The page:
Everyday at Logan International Airport, thousands of workers ensure that thousands more people can come and go on hundreds of flights. That makes complete sense since, after all, it's an airport. But it's also where, every day, news personalities across the region turn to for the city of Boston’s official weather conditions. This struck a few of my colleagues here at WGBH as a little ... well, curious. The other day, they recounted a recent conversation they had for me.
Michelle: "I think David started it."
Alannah: "Yeah. you brought it up because [WGBH's Morning Edition host] Bob Seay always says on the weather in the morning, the weather at Logan is blah blah..."
David: "Right. Bob Seay and every other weather report I’ve ever heard it’s always at Logan Airport. Why is that the official temperature?"
Don: "Then we started arguing about how that came to be and we figured, Edgar would know."
Truth be told, I didn’t. But I did know where to go for answers: The National Weather Service home base in Taunton, where I met up with one of their meteorologists, Kimberly Buttrick.
"The reason being is that we have an automated sensor at the airport. It’s called an ASOS and that stands for an Automated Surface Observing System," explained Buttrick.
The partnership between the Weather Service and airports is as old as flight itself, which makes sense. As nice as it is for you and me to know what the current temperature or wind speed is on any given day, that information is a bit more critical for pilots.
"It seemed like a good marriage because, in the age of flight, airplanes rely on temperature, dew point, mean sea level pressure, wind direction, wind speed," said Buttrick.
And so when the ASOS system — which dynamically measures everything from temperature to wind speed, rain totals to sea level pressure — was rolled out in the 1990s, it was centered in airports large and small across the country — including around here.
"Providence, Worcester, Bradley, Beverly, Lawrence, Falmouth, Martha’s Vineyard, Nantucket, shall I go on?" said Buttrick, listing some of the region's airports equipped with an ASOS.
Each ASOS automatically updates conditions hourly, 24 hours a day, seven days a week. The hourly data is immediately available online to everyone, including news readers. As for why the one from Logan gets referenced the most? For starters, it’s the city of Boston’s official ASOS. And at larger, busier airports, like Logan, the system is monitored by a person 24 hours a day for quality assurance.
"But it’s also because [Boston is] the Hub," said Buttrick. "Like why do people say they’re from Boston when they’re not really from Boston? It’s the center of the universe for people up here in southern New England."
But there is a catch. It turns out that airports aren’t exactly the best place to get an accurate read on the weather. For example, Buttrick says Logan is consistently windier, cooler, and less rainy than other areas of the city.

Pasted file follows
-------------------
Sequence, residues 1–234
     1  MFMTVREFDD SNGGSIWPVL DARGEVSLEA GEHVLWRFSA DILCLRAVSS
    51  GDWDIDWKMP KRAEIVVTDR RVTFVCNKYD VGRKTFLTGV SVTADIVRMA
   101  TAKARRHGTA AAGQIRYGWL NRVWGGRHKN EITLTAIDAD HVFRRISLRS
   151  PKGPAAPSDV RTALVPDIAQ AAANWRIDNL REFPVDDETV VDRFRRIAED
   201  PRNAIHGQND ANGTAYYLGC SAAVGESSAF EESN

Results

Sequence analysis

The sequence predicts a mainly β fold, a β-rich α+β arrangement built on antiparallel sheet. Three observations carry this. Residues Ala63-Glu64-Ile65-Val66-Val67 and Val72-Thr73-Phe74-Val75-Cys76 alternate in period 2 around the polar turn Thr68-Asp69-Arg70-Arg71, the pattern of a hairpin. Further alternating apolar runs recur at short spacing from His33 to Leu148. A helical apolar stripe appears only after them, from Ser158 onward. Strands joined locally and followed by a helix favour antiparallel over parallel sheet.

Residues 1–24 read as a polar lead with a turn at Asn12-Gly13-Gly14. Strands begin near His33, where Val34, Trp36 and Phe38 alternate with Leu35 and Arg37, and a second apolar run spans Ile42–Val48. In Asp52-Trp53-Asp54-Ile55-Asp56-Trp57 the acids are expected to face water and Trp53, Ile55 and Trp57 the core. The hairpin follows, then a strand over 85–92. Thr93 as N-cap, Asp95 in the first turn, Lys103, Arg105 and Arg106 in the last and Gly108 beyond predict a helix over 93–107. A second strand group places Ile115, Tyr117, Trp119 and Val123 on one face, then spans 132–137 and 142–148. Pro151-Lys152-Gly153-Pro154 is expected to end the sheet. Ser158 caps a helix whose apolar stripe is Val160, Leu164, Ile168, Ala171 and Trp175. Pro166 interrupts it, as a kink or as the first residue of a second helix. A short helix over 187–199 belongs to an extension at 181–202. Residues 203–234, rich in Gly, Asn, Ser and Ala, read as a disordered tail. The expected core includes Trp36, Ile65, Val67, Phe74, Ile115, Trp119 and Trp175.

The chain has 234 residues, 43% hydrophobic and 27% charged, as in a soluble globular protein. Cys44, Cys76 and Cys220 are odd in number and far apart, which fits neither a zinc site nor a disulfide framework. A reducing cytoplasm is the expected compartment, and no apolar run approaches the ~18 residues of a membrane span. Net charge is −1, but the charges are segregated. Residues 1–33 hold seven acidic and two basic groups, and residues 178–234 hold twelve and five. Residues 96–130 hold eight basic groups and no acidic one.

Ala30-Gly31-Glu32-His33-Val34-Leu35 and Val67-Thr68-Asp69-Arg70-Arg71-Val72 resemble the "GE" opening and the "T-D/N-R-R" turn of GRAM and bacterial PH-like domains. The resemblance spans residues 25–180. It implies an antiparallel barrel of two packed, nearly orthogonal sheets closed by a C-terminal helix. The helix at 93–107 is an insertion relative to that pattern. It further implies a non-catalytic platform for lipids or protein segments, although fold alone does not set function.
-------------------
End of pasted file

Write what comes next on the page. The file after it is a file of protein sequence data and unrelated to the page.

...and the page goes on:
"The Weather Service knew that when these systems were deployed that it would impact the climate [data]," she said. "But when you’re also flying and landing aircraft, with the safety of people, it’s better to have a more robust observing system located at the airports."
Notice that Buttrick said "climate." It’s not really that big a deal on any given day if Boston’s official high temperature is a few degrees cooler compared to what it was in, say, Jamaica Plain. But when it comes to the long-term climate record, that can get a little tricky. To combat this, the National Weather Service has a small army of citizen scientists across the region — volunteers who take methodical daily measurements on official equipment that help give a fuller picture of the weather across the city and the region. And then there is New England's ace in the hole — 635 feet above the city atop Great Blue Hill.
"We have the longest climate study in the United States," said Kaitlin Geagan, an observer and educator at the Great Blue Hill Observatory in Milton. "We are studying weather the same way they did back in 1885."
The same way, in the same place, for the past 132 years: A circular deck atop a stone tower with a pretty sweet view. Here, they use the equipment of a bygone era to ensure the long-term continuity of their data. For example, sunlight is measured using an honest-to-God crystal ball.
"It concentrates the sun into a beam of light and that light physically burns a hole in a card stock," explained Geagan. "And along the day, if a cloud moves over then it stops burning so we know when we have overcast skies and we also know when we have full bright sunshine."
Wind speed, direction and gusts get recorded — analogue style — on huge reels of paper over 24-hour periods. And then there’s the mercury barometer that has far outlived its warranty.
"It was first read on January 1, 1888," said Geagan. "We read it every morning still at 7 a.m. and it’s our most accurate barometer still to this date."
Reading the barometer at 7 a.m. this time of year means they are actually reading it at what the rest of us would call 8 a.m. That's because not only do they observe the weather on 19th century equipment, they also do it on 19th century time.
"We do not observe daylight savings here. Daylight savings wasn’t observed until World War I," Geagan said.
But it’s not all vintage fare atop Blue Hill. As it turns out, there’s also a modern ASOS here. It's essentially the same system they have at Logan and it's hourly data is just as available. The biggest difference, at least according to the gang here, is that theirs is perhaps slightly more accurate.
If there is something you have been itching to know more about, email The Curiosity Desk. We might just look into it for you.